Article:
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TRAINING HAS
BEEN DISCONTINUED

THIS PAGE HAS BEEN LEFT POSTED FOR REFERENCE PURPOSES

SCENES FROM RANGE TRAINING
Complex skills are learned step by step. Here the students practice stepping off the line of the threat. This is the first step in dealing with an attack at arm's length Now the students are ready to use a palm strike as they acquire a firing grip on the holstered handgun. Soon they will be ready to draw and to fire from the protected-gun position.
Even though the students have used the opportunity to move laterally to cover before shooting, they still move through the protected-gun position on the draw stroke for consistency. Hick's Law says that the fewer decisions you have to make under stress, the faster you can respond.After engaging the threats, the students do a 360-degree scan to check for other threats. They are verbalizing to identify themselves as the good guys to potential witnesses. By moving their guns to the "navel position," they can safely move in any direction with a loaded gun in hand.
Many intermediate-range shootings go down one-handed. Students sample a couple of techniques to determine which works better for them. After this photo was taken the students were reminded to shift the shoulder forward of the hip joint, to ensure faster recovery from recoil.Even the best technique may not fit every student. This 4'7" woman struggles to get her pistol aimed high enough to hit the pelvic region of an adult of average height. If this protected-gun technique won't work reliably for her, it's better to learn it on the range than on the street.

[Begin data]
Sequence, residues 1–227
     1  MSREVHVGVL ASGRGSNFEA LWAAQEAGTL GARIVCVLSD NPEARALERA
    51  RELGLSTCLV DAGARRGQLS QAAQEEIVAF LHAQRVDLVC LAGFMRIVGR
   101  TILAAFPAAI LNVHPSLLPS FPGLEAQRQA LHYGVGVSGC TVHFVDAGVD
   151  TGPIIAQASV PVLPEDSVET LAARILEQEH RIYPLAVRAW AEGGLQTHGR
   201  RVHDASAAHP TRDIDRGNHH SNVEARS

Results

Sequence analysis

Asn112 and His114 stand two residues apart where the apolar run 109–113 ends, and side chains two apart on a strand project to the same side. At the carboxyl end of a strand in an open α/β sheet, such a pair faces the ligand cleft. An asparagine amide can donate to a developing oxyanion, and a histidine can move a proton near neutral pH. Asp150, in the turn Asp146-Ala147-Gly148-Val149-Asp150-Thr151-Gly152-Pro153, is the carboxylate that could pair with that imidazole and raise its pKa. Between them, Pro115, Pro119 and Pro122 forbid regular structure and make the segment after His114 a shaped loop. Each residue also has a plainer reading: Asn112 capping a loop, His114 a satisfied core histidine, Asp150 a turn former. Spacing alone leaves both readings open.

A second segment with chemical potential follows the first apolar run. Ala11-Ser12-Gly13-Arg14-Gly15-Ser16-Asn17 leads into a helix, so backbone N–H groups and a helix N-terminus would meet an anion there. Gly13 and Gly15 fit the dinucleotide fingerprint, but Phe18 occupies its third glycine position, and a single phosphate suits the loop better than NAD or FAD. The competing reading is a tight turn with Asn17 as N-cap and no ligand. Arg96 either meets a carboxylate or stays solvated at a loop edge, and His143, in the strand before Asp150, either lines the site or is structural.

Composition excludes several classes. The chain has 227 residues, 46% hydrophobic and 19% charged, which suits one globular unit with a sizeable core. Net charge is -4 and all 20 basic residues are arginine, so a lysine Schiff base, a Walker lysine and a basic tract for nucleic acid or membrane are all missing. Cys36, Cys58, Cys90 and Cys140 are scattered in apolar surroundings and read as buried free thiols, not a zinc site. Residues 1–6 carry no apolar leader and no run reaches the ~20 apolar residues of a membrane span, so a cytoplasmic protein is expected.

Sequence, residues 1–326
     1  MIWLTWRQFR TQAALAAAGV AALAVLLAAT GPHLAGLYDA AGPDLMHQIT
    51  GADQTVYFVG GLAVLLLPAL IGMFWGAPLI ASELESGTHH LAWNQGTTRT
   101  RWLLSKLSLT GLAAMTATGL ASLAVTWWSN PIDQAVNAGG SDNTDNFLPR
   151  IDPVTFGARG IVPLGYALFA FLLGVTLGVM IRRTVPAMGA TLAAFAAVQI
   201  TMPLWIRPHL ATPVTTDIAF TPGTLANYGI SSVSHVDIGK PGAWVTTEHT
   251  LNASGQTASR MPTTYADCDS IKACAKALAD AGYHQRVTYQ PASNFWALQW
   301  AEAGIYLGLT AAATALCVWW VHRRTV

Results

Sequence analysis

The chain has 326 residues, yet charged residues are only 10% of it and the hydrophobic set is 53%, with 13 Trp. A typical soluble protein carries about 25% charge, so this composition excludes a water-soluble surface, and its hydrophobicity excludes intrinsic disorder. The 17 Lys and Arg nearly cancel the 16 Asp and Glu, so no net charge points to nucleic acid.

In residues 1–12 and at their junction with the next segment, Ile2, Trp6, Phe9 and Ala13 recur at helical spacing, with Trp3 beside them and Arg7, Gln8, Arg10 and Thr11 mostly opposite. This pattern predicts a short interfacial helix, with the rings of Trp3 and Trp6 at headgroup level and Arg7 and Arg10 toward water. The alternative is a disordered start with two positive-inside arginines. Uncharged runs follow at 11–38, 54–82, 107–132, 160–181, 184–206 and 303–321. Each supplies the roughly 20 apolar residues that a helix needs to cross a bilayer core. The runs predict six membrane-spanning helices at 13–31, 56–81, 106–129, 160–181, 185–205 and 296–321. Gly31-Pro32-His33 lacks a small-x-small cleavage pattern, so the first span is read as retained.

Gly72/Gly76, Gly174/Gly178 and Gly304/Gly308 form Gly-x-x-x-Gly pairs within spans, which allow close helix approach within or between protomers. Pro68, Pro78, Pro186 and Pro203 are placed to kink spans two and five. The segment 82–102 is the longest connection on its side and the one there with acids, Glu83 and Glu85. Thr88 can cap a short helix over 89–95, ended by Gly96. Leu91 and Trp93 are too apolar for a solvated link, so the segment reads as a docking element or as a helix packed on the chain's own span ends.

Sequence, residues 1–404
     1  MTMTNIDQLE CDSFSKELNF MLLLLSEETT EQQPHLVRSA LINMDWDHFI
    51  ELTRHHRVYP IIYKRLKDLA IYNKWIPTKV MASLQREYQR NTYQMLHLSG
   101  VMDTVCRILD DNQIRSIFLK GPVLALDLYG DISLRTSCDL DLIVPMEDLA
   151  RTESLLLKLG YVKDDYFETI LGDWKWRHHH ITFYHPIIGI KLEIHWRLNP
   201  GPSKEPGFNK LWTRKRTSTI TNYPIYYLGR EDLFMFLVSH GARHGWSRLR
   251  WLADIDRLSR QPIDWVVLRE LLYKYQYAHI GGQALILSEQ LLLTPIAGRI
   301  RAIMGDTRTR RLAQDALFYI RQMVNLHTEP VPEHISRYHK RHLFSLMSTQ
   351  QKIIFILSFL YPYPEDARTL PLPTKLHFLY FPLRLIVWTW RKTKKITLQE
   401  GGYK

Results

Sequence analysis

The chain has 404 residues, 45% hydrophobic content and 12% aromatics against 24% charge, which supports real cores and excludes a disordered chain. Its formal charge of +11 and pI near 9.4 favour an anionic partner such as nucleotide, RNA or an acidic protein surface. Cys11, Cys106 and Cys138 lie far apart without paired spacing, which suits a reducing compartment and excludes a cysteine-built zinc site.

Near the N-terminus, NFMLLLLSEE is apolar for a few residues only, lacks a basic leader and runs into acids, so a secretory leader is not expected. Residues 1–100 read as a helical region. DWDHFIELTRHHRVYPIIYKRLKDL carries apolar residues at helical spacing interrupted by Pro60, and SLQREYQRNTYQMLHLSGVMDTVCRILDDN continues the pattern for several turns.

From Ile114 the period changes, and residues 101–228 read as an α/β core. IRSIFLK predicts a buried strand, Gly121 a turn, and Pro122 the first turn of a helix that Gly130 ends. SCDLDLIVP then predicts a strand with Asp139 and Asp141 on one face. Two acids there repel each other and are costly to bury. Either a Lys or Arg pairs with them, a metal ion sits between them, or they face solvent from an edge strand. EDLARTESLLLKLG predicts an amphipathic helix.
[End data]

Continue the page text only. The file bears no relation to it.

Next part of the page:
If the non-dominant hand is wounded it's useful to have some practice drawing, shooting and reloading with the dominant hand only. Not too tough - both students are on the same sheet of music at this point. These wounded/return-fire techniques are only performed behind cover. If you don't do it right on the range you probably won't do it right on the street. If the dominant hand is wounded things get more interesting - the non-dominant hand has to do it all. The student on the left is wearing an open-top holster right at the hip. His gun is in action while the student on the right, with a thumb-break holster behind the hip, is still working to clear leather. With his equipment he had an easier time drawing across the back than across the belly.
Whether you've been knocked to the ground or surprised in bed, you still have to be able to hit your assailant. This is one of several unconventional ground shooting positions taught. This technique, borrowed from the Center Axis Relock system, is particularly useful if you have to shoot out the left side of your vehicle and your safety belt has locked you in place.
This 4'11" 60-year-old woman was short on strength but long on determination. It took several sessions to find the right combination of gun and technique for her. Among the challenges she presented, she is right-handed but very strongly left-eye-dominant. It turned out that the weapon-silhouette point was a much more reliable method for her to aim the gun than using the sights, with only a small increase in group size. By using a shooting position that emphasizes relaxing on the gun, rather than muscle, she is already back on target before the ejected case has reached the apex of its flight to the ground. A dogmatic insistence on the first or second shooting position she tried would have resulted in an unhappy student lacking the confidence to fight back. A similar insistence on using the sights would have slowed her response unacceptably.

A Note on Stages of Training

Miscellaneous Notes



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Also available, at no charge, a daily mailing of news and other items of interest to gun owners

This Site & Its Logo Common Sense? Basic Concepts Firearms Safety ~Street vs. Range
Handgun Selection Holster Selection Ammunition Selection Long Gun Selection Instructor Selection
Role of the Wrist Point Shooting Shooting with Flashlights Night Sights and Lasers The Naked Emperor
Deadly Force? A Winning Attitude Just Say Nothing? S.P. Wenger Credentials Useful Links


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Stephen P. Wenger
P.O.Box 4227
Show Low AZ 85902-4227
U.S.A.

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